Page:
What apologetics is and isn't for?

I thought apologetics was invented because certain heretics entrenched themselves in church positions and needed to be appealed to on the basis of solid church reasoning which they claimed to accept.

I didn’t think its purpose was to reach out to outsiders.

:confused: :confused: :confused:

I thought it was for defense of the faith. If it has any role in evangelization, it’d be for responding to attacks or misconceptions about the Church that a potential convert might believe. Apologists can respond to Catholics who misunderstand the faith, non-Catholics, and non-Christians. But it’s primarily a defense, lest it seem like the Church has no response for attacks on its beliefs and validity.

The Old Catholic Encyclopedia defines apologetics as:

A theological science which has for its purpose the explanation and defence of the Christian religion.

It then goes on in much greater detail.

I’ve also heard the purpose apologetics described as removing obstacles on a person’s path towards belief.

There were of course public polemics against faith in Christ by some public figures. Those needed responding fairly and squarely to as well.

JHN’s Apologia pro vita sua was to explain the way he had lived his life, in response to prominent criticisms.

What type or standard of methods should we use? What areas should our reasoning cover?

Is there a place, sometimes, for the slogan of God’s Real Cafeteria:

“Eat everything on the menu, but not all at once. Keep coming back”?

What aspects of faith should we prioritise to ordinary personal enquirers?

Does this process overlap with evangelising?

Can parishes use Called and Gifted to ready members for their part in the parish’s fivefold ministry (Eph 4)?

Thank you for the article Joe, it contains a wealth of bullet points.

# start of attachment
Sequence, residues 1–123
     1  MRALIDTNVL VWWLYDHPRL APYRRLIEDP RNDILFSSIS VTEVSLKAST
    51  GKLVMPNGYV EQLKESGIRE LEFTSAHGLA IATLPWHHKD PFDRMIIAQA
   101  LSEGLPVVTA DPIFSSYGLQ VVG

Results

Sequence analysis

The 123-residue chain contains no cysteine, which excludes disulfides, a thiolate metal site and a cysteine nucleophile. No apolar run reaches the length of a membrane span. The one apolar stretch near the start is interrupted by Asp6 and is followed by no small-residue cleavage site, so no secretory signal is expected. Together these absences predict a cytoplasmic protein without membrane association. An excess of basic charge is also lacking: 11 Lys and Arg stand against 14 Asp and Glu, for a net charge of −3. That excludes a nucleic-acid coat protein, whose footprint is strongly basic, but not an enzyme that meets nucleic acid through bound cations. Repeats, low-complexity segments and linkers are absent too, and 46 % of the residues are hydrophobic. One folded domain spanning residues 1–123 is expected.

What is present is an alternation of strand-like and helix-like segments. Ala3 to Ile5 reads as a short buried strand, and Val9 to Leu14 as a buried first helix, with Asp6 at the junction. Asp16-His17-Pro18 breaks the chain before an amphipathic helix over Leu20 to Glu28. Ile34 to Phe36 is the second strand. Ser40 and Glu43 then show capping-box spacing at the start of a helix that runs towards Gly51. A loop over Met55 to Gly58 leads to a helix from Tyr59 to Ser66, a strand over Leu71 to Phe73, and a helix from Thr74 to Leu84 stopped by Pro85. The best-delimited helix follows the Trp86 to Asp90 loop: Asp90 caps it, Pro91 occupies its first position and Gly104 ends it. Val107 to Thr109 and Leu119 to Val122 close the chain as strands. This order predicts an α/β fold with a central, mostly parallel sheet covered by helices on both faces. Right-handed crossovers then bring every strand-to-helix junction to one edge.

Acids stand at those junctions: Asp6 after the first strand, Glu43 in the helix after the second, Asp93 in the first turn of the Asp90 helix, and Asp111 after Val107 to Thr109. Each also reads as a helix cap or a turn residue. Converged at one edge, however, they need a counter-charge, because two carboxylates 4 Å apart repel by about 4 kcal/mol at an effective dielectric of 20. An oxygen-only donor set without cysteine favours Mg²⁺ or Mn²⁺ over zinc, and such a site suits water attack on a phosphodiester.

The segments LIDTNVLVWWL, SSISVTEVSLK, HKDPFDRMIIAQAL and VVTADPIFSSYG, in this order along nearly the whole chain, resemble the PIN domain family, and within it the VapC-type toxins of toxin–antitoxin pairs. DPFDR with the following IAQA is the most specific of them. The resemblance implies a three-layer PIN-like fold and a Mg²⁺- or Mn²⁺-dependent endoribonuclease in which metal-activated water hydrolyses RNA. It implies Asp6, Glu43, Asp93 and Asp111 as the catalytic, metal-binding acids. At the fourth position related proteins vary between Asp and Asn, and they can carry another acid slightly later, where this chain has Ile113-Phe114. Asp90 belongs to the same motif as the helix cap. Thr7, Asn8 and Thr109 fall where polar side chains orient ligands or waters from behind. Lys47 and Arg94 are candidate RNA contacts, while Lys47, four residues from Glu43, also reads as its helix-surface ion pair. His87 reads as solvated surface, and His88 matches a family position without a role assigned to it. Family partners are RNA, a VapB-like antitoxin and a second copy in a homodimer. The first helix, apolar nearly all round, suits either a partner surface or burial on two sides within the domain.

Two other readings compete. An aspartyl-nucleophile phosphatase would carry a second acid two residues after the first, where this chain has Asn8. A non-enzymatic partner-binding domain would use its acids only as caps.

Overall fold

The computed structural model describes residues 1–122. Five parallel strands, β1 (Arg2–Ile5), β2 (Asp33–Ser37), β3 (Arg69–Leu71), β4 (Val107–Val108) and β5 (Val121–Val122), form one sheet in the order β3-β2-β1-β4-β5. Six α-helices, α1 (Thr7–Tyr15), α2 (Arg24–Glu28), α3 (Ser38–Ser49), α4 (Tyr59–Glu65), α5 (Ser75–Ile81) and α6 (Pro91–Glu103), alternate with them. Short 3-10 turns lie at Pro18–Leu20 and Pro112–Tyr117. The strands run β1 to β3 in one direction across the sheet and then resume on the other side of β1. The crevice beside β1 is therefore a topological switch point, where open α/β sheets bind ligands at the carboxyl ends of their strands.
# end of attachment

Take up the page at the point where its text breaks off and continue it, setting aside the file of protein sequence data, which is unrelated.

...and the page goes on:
THIS^^^

Apologetics is part of catechesis and should be. It is also a vital part of evangelization because you cannot properly propagate a faith that you have no understanding of.

So I disagree with your statement. as with so much of Catholicism…it’s a both/and.

Hi, Vic!

Apologetics is about Defending the Faith; there’s no sectioning off portions of the Faith as there’s no sectioning off portions of the Body (Christ):

[FONT=“Garamond”][size=]15 Simply reverence the Lord Christ in your hearts, and always have your answer ready for people who ask you the reason for the hope that you all have. 16 But give it with courtesy and respect and with a clear conscience, so that those who slander you when you are living a good life in Christ may be proved wrong in the accusations that they bring.

(1 St. Peter 3:15-16)
Yet, all have our points of strength and weakness… so we must: a) acknowledge our limitations, and b) strengthen our weakness through instruction and seeking the collaboration of those who are able to assist us.

Maran atha!

Angel

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William Lane Craig jokes about apologetics. (He’s a funny guy)

What is apologetics?
*Apologetics is learning how to tell someone you are sorry you are a Christian.
No that’s not right…
Rather, apologetics is learning how to make the other guy sorry that you are a Christian!
…No, that’s not really right either! *

Apologetics is a branch of Christian theology which seeks to provide a rational justification for Christian truth claims.

Read more / listen
reasonablefaith.org/defenders-3-podcast

1 Peter 3:15

defense = ἀπολογίαν = apologia

Short Definition: a verbal defense

You’re totally right. That’s called “evangelism”.

Thanks.

I agree with what you are saying.
Although, sometimes it might be described by helping the other person remove the obstacles that prevent him from believing God’s good news. That is, apologetics does not have the power to force the truth onto a person who does not want it.

Below is a quote from a very interesting article.

crisismagazine.com/2017/c-s-lewiss-magicians-nephew?utm_source=
C.S. Lewis’s The Magician’s Nephew
By Stephen Fitzpatrick
“Now the trouble about trying to make yourself stupider than you really are is that you very often succeed. Uncle Andrew did.” Rather than responding to a moment of grace with receptivity and humility, Uncle Andrew forcefully excludes himself from the truth, for accepting it would be to acknowledge that much of what he has believed and strived for is a lie. This is the sad case of many people today and it often takes a catastrophe on the scale of a Flannery O’Connor story to shake them out of their self-induced spiritual comas.
John

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